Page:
Daily News - 30 April 2015

Posted 30 April 2015 1:04pm
Tags:

 

 
 

We care about housing - we just don't care to act

Kasy Chambers - The ABC

The annual snapshot of rental housing is released today and reveals the stark impact of inadequate and insecure housing. And yet while we all "care" about this, we don't take actions to change it, writes Kasy Chambers.

At a time when popular sympathy and awareness is going out to women trying to escape domestic violence, to isolated unsupported people living with mental illness, and to young adults graduating from a childhood in out-of-home care into homelessness and joblessness, the terrible shortage of secure affordable housing that they face is rearing its head.

We've got some numbers to show you what that means. Anglicare Australia's annual snapshot of rental housing, released today, has found less than 1 per cent of the 65,600 properties for rent across Australia would be suitable for a woman with children - in desperate need - on income support. There were only 16 rooms or dwellings out of 65,600 that a young person relying on the Youth Allowance could afford. We found only 10 properties suitable for someone living with a mental illness and looking for work.

Back to top
 
 

Affordable housing system 'broken' as more Australians struggle to pay rent than ever before, Anglicare says

Nicola Berkovic - The Australian

Leading Aboriginal, legal and welfare groups will today launch a ­national campaign to reduce soaring indigenous imprisonment rates and “shocking” levels of vio­lence in Aboriginal and Torres Strait Islander communities.

The National Justice ­Coa­lition’s blueprint for tackling the overrepresentation of indigenous people in the justice system includes greater investment in early intervention strategies to prevent crime, reduce domestic ­violence and divert Aboriginal people from prisons with the aim of closing the gap on imprisonment and violence rates by 2040.

Coalition co-chairman Shane Duffy, who is also the head of the National Aboriginal and Torres Strait Islander Legal Service, said the current approach to crime and public safety was not working. “We are spending more and more on prisons and not enough on ­initiatives that can prevent crime in the first place,” he said. The Change the Record campaign follows an 88 per cent jump in the number of indigenous people in prison from 2004 to 2014.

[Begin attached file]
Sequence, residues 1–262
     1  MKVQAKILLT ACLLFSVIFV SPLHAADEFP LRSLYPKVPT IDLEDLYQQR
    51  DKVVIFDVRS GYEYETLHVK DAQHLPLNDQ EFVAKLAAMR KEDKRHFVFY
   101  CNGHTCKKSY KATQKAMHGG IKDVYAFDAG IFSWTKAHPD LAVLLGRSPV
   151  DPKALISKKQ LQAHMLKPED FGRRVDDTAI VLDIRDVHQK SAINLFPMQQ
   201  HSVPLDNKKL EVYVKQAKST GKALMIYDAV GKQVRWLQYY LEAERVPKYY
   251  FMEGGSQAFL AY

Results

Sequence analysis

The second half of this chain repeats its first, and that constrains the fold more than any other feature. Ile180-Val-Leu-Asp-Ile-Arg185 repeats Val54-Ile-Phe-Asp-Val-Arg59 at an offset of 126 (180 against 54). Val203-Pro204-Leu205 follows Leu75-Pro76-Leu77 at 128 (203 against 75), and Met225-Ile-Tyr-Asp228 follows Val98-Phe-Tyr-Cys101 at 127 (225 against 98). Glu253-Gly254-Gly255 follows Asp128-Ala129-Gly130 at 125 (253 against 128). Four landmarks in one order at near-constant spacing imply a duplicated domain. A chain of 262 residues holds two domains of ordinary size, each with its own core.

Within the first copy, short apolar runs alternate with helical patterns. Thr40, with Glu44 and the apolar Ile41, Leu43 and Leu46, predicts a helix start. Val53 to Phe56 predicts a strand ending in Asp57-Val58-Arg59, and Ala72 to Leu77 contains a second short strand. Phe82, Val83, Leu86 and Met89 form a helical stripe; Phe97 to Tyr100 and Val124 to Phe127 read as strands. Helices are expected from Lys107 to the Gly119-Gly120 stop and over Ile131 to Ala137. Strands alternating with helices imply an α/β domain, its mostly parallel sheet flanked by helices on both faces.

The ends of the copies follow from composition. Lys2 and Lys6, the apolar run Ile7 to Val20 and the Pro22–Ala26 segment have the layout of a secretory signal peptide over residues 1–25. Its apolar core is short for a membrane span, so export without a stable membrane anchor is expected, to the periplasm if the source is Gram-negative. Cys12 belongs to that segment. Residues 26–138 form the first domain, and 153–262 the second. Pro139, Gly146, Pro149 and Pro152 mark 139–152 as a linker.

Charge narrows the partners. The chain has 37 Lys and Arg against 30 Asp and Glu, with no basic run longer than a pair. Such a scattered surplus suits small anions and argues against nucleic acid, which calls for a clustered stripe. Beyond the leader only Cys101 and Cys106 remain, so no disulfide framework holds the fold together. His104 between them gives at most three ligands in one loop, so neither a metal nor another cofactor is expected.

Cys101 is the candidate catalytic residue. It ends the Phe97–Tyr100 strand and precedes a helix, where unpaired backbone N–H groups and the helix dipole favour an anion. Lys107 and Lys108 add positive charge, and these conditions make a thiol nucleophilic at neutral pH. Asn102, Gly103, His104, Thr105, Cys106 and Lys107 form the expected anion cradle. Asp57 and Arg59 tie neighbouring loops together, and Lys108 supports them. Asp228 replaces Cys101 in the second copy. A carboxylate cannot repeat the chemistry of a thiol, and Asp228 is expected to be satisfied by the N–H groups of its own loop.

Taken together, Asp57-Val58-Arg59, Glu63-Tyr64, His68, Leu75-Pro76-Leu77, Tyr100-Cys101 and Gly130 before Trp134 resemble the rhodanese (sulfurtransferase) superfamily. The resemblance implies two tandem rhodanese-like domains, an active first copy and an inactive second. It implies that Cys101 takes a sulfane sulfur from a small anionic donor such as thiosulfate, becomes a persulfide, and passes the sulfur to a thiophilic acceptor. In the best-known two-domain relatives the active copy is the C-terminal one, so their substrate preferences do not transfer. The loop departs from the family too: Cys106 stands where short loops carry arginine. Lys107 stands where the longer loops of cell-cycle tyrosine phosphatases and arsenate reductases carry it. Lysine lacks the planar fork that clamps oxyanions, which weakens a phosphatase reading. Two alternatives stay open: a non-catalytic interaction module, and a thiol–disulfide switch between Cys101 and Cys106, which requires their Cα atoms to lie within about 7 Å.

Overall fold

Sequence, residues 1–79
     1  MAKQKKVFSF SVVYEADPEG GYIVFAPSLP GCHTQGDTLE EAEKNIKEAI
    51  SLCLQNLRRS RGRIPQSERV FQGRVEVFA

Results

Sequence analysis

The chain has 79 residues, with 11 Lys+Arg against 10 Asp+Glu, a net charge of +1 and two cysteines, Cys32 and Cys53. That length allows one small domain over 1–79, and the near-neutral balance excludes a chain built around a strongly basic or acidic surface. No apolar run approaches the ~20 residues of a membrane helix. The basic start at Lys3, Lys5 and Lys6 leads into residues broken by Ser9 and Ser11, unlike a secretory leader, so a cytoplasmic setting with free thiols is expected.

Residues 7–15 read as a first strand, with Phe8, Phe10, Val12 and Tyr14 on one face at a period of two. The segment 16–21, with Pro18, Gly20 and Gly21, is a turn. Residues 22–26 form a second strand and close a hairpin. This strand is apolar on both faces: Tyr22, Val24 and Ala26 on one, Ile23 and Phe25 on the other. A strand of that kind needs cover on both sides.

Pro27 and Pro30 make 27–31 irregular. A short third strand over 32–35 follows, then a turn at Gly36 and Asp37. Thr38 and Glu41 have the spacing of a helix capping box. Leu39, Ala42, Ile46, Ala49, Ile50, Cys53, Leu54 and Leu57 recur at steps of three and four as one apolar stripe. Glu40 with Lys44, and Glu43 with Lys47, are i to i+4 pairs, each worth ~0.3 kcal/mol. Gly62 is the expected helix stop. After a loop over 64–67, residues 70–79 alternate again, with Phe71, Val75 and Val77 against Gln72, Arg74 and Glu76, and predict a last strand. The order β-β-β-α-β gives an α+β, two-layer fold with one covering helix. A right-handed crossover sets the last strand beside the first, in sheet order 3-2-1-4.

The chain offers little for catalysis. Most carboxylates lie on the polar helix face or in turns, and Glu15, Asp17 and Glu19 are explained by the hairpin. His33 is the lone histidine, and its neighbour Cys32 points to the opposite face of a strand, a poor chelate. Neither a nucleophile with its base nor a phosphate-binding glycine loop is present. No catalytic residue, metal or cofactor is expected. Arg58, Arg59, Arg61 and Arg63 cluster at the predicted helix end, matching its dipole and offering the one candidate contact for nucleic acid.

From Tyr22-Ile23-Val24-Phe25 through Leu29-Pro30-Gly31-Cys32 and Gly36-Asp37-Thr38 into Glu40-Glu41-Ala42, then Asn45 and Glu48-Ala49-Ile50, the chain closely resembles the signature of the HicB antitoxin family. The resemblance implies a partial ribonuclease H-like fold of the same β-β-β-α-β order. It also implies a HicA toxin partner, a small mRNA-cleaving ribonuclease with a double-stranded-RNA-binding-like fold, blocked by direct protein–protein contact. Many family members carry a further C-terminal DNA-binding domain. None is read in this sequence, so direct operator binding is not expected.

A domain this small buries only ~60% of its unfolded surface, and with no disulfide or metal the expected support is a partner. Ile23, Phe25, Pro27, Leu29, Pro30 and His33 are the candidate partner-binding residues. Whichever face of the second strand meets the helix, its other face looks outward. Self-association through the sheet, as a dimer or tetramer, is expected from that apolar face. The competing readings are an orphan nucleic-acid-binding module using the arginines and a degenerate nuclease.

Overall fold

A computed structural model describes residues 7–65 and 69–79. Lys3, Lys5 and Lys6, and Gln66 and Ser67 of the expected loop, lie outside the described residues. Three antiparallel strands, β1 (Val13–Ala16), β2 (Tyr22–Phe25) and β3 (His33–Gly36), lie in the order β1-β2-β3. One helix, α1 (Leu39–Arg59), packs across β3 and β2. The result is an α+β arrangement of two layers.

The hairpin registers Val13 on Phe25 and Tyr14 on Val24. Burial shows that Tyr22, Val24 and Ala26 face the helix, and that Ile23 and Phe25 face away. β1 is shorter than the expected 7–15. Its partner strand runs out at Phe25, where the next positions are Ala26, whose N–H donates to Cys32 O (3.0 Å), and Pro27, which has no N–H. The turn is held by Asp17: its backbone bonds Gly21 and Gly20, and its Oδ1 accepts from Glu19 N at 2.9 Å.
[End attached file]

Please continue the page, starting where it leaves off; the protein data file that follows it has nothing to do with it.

Back to top
 
 

Tax Office statistics reveal the 55 millionaires who paid no tax

Peter Martin - The SMH

Fifty-five of Australia's highest earners paid no income tax at all during 2012-13, not even the Medicare levy.

All earning at least $1 million, they managed to write their taxable incomes down to below the $18,200 tax-free threshold, although for most the exercise was expensive.

Tax statistics released Wednesday reveal that 40 of them claimed an extraordinary $42.5 million for the "cost of managing tax affairs" meaning they each paid an average of $1 million to an adviser prepared to help to bring down their taxable income, which is itself a tax deduction.

Between them they reported earning $129.5 million, an average of $2.3 million. By the time their accountants had finished with them they reported losing a combined $12.8 million.

Back to top
 
 

Domestic violence victims 'trapped' by lack of affordable rental accommodation

Liz Hobday - The ABC

Women in Melbourne wanting to escape family violence are often trapped by a lack of affordable housing, new figures released by the Council to Homeless Persons show.

The figures revealed there was only one suburb in Melbourne where a single woman on an average wage could rent a two-bedroom house without experiencing financial stress.

That suburb is Melton, 35 kilometres from the CBD, where the average rent on a two-bedroom property is $245 a week.

In Cranbourne the average rent is $280 a week, while in inner city Fitzroy it is $565 a week.

The ABC spoke to Kylie, a young mother who had first-hand experience with housing stress.

Back to top
 
 
     

← Back to listing